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Enhancing Aboveground Carbon Storage and Invasion Resistance through Restoration: Early Results from a Functional Trait-Based Experiment1
- Rayome, Donald D., Ostertag, Rebecca, Cordell, Susan
- Pacific science 2018 v.72 no.1 pp. 149-164
- allometry, biomass production, carbon, carbon sequestration, early development, ecological succession, ecosystem services, ecosystems, equations, forest restoration, forests, invasive species, land management, new species, prediction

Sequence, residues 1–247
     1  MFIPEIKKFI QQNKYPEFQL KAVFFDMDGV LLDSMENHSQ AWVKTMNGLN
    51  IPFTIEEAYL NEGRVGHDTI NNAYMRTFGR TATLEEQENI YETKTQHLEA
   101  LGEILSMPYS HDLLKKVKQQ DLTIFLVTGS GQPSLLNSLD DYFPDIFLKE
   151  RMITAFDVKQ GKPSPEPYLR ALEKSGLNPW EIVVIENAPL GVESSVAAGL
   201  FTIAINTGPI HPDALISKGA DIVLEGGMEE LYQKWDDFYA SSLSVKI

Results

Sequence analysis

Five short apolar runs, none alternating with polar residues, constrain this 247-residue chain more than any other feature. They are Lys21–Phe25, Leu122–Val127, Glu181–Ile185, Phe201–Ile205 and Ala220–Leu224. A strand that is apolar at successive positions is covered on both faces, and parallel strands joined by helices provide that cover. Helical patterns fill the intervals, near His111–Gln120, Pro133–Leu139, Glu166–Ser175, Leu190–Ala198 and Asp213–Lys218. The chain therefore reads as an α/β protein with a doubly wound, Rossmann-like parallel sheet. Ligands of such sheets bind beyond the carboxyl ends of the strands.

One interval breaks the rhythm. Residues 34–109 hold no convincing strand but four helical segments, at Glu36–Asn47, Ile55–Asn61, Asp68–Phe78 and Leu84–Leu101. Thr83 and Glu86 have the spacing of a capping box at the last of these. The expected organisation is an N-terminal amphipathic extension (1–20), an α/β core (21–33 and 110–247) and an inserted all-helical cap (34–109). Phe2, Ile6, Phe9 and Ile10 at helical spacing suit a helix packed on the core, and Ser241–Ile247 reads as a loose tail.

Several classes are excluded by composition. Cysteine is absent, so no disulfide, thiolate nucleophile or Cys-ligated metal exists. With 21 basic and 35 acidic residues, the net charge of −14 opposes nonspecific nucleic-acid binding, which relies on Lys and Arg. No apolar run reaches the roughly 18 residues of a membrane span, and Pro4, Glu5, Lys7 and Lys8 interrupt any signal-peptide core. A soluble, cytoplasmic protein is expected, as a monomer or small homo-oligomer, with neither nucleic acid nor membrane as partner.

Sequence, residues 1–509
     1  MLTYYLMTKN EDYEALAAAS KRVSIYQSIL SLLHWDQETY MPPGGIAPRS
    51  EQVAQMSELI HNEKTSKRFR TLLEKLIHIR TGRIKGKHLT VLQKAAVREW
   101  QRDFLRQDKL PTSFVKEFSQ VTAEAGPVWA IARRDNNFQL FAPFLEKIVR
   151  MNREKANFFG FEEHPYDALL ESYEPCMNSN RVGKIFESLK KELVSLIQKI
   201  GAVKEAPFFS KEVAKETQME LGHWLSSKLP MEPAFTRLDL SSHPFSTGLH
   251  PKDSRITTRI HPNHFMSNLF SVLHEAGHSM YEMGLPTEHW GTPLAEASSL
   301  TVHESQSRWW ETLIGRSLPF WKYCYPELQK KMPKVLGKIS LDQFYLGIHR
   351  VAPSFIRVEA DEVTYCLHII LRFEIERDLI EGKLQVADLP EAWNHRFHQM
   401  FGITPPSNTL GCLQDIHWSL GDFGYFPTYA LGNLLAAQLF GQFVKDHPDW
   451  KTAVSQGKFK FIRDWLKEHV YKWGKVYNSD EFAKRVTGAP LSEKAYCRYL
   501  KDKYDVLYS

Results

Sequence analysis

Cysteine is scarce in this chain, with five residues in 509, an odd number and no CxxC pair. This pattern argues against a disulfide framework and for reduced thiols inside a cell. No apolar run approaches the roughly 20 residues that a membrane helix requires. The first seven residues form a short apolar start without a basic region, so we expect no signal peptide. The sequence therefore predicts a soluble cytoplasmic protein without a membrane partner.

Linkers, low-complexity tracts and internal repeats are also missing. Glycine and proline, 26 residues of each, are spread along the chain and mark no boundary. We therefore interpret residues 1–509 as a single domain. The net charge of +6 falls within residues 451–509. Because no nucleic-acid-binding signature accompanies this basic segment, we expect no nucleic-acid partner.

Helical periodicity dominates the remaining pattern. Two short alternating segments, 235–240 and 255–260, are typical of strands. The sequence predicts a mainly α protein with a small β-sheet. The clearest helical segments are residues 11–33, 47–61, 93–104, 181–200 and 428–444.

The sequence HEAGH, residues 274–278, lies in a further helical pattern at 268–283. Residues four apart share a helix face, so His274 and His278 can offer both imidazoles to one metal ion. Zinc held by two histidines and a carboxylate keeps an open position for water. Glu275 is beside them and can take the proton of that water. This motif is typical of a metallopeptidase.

- One of many ecosystem services essential to land management is carbon regulation, but presence of invasive species can influence carbon (C) in undesirable ways. Here we discuss early results of C accumulation from the Liko Nā Pilina hybrid wet forest restoration experiment. The focus of our project is to deliberately increase C storage through a functional trait-based approach to restoration. By choosing plant species mixes with specific functional trait values, a novel ecosystem can be assembled that supports desired ecosystem services such as C regulation. We designed species mixtures based on species rate of C turnover (slow or moderate) and their position in trait space (complementary or redundant functional trait values). New species mixes were planted as four treatments (Slow Redundant, Slow Complementary, Moderate Redundant, and Moderate Complementary), with an additional unmanaged Reference treatment. Our objective was to compare C in aboveground woody biomass using allometric equations to determine which mixture had the greatest potential for site restoration, balancing carbon storage with the eventual goal of creating forests better able to resist establishment by invasion species. Initially, we predicted the Moderate Complementary treatment would have increased C storage. However, we found that the Moderate Redundant treatment had the greatest C storage, largely driven by a few fast-growing species during early development. Even though our short-term results did not support our experimental prediction, these data serve as an important benchmark for contrasting with later results when ecological succession might favor complementary species mixes for sustainable biomass productivity and decreased management efforts.